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This must be the place: Look in the mirror, who do you see? Someone familiar, surely not me

Preservation Pub, Knoxville. (photo: Garret K. Woodward) Preservation Pub, Knoxville. (photo: Garret K. Woodward)

The sound of thunder and a heavy rain awoke me from a deep slumber. Opening my eyes, I relaxed into the king-sized bed and stared up at the 19th century moldings on the ceiling. Looking out the large bedroom window, I could see a transit bus parked below and a Starbucks sign on the building at the corner. 

For a moment or two, I didn’t know where I was or if I was still dreaming. But, I quickly collected my thoughts and remembered I was at an AirBnb in downtown Knoxville, Tennessee, and that I was in town for my dear friend’s birthday shenanigans. 

I’m hungover from the adventures of Friday night. And yet, there’s still Saturday evening ahead of us. Atop the nightstand is a mess of dollar bills that used to be $20s and receipts from bars scattered around Market Square and Gay Street. My clothes smell like cigarettes from the atmosphere of the Preservation Pub. My head throbbing from the nightcap of Proper Twelve Irish whiskey at Clancy’s Tavern. 

Now it’s Saturday afternoon. Lazy and dreary. My good buddy (the birthday boy) is sprawled out on the couch watching golf on a giant TV. I’m on the laptop at this enormous dining room table, once again trying to make sense of this weekend and these situations that I find myself in at seemingly every turn along the road of life. 

The AirBnB (aka: “The Shamrock Suite”) is right above Clancy’s and next door to the majestic Tennessee Theatre. Gay Street is bustling with locals, tourists and college kids from the nearby University of Tennessee. In the nine years or so that I’ve called Western North Carolina home, I’ve also been roaming the main drags and side streets of this wild-n-out city. 

My best friend went to college here at UT. His family and all of his friends live here. When he used to live in Waynesville, we’d head over the mountains to Knoxville on the weekends and rage downtown with his friends, maybe even raid the fridge at his parents’ house. Eventually, he returned to Knoxville, which he now calls home with his wife and daughter. 

Back then, we were all in our late 20s and early 30s. All single and running around in search of whatever anyone else our age was seeking: cheap drink specials, mischief and, if we were lucky, perhaps the love of a significant other. Some of us were luckier than others, and others either faded into the background of your existence or are still on the top of your daily text message conversations. 

Back then, it was tailgating at UT football games, bouncing between bars along Central Street, maybe even some karaoke if the mood was right. Concerts at the Bijou Theatre, The Mill & Mine and at the Thompson-Boling Arena. Run around the college haunts surrounding campus, Cool Beans or some fraternity party at a once nice-looking house — now just a shell of empty beer cans and seemingly bad decisions made in blurry haste of trying to impress your peers in the midst of the midnight showcase of alcohol tolerance.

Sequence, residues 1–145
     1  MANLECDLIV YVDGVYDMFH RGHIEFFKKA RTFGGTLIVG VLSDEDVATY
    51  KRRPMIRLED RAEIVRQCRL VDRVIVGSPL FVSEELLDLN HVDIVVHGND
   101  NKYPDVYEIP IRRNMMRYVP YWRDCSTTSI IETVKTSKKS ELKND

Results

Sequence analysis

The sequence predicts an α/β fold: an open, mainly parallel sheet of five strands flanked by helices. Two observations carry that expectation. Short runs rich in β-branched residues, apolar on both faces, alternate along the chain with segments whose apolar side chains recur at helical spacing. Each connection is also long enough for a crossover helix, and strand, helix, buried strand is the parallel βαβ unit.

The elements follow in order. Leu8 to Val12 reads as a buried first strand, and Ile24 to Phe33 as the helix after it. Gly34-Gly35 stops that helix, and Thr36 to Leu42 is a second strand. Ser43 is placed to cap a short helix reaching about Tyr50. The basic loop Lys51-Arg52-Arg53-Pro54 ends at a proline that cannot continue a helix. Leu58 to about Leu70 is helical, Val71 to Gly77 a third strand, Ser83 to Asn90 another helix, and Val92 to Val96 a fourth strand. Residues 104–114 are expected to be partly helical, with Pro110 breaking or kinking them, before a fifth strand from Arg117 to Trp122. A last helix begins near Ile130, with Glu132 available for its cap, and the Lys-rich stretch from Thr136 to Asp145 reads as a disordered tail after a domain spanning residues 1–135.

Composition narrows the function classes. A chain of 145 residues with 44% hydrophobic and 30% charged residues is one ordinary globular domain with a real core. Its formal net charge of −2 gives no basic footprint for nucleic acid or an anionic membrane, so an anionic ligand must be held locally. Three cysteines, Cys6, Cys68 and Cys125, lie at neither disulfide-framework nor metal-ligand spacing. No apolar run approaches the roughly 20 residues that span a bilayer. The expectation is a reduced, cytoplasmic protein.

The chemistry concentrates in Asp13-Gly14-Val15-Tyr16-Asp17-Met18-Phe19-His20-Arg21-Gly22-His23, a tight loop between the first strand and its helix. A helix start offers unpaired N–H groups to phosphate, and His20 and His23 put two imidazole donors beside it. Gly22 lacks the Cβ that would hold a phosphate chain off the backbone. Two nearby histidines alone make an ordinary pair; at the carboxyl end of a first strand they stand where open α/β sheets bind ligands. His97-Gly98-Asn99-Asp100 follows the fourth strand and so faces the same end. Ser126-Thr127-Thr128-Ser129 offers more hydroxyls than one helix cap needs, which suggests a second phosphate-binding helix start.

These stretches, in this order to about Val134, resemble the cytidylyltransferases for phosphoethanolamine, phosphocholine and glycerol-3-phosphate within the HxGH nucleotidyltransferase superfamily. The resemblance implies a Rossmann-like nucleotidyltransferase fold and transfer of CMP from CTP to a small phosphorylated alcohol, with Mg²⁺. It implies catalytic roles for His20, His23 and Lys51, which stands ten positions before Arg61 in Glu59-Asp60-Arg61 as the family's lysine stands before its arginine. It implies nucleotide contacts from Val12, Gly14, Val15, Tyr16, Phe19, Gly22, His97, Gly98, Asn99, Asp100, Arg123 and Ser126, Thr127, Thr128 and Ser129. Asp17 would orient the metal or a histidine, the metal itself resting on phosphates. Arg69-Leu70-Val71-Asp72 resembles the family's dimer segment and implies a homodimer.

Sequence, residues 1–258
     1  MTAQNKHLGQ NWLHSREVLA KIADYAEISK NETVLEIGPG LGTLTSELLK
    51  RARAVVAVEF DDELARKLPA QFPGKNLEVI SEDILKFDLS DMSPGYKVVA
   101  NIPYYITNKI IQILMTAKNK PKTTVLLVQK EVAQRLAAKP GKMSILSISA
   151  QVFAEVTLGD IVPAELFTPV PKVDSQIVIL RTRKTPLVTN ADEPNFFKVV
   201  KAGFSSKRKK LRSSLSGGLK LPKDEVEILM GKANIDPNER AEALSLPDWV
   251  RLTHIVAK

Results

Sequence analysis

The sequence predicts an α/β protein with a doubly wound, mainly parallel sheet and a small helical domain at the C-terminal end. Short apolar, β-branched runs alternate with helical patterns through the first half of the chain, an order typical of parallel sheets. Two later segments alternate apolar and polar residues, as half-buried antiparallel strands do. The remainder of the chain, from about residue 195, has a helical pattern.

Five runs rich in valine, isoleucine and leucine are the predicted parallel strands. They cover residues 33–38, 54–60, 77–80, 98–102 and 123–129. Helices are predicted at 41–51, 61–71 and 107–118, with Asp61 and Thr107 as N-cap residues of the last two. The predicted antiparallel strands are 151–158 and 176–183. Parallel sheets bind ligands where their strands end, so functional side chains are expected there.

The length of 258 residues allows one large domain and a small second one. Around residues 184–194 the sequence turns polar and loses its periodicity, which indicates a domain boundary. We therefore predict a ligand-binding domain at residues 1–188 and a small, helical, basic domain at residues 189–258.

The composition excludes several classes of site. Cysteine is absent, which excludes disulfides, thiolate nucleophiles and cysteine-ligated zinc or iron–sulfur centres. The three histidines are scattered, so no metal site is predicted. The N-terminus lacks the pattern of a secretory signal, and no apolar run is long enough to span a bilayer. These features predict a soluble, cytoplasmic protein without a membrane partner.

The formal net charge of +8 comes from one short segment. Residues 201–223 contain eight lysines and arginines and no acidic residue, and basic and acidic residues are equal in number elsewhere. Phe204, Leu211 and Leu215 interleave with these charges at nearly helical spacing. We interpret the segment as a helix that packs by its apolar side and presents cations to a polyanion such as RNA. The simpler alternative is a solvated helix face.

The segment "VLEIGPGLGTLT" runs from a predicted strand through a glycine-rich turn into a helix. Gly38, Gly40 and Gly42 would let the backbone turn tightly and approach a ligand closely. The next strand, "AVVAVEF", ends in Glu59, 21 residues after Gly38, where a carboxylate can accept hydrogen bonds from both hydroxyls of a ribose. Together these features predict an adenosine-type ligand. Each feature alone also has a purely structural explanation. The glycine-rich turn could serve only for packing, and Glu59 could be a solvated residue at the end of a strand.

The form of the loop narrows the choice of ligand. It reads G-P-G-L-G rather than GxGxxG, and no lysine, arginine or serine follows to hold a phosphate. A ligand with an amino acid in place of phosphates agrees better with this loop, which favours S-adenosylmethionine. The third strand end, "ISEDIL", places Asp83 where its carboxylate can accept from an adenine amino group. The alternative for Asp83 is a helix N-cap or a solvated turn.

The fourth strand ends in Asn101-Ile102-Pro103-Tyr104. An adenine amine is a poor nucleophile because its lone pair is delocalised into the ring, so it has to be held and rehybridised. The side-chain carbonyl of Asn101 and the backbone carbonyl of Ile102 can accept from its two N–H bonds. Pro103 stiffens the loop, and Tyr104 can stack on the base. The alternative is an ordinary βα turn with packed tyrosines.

Right now, the cheap futons, couches and floors that I used to wake up on have been traded in for an AirBnb that costs more per night than my rent (and bills included) for one month. The cheap drink specials and Taco Bell runs after the bars closed have been swapped out for bottles of fine wine and farm-to-table dinners at places where dress codes are enforced (sorry, no UT jerseys or band T-shirts in here, sir). 

Right now, those beloved faces that used to belly up to the pub counter with me, used to scream at the UT football games with me, are still around, still living their respective lives and such. But, it seems all we are these days are a bunch of text messages over state lines — either answered in a timely fashion or forgotten and gathering dust, only to fall down your text conversation scroll into the depths of conversational purgatory. 

I’ve returned to Knoxville for the weekend, but it feels like this town is deserted. My phone calls and messages to the Knoxville crew are all for nothing. They have dinner plans with their wives. They’re watching their kids. They’re too tired from work all week to want to come out and play. They’re doing lawn work Saturday afternoon and “might be able to meet up later.” 

What happened to all those once-rowdy faces? I can’t be the only one left that still aims to tame the night, whether it be in the realm of live music or running away from that ticking clock towards the unknown horizon.

When did we all become so responsible, and with calendars filled up? When did we stop answering phone calls and returning messages? I refuse to let any and all faces familiar and beloved slip between my fingertips like the sands of time in an hourglass. 

I suppose when you spend your life on the road, those left behind keep moving along in their own ways and means. You circle back from time to time to see those faces familiar and beloved, where everything has changed ever so slightly. Several years pass and the entire landscape, physically and emotionally, has shifted to where you’re still “you,” but feel like a stranger in a strange land. 

The sound of thunder and a heavy rain awoke me from a deep slumber. For a moment or two, I didn’t know where I was or if I was still dreaming. I’m hungover from the adventures of Friday night. And yet, there’s still Saturday evening ahead of us — running away from that ticking clock towards the unknown horizon.

Life is beautiful, grasp for it, y’all. 

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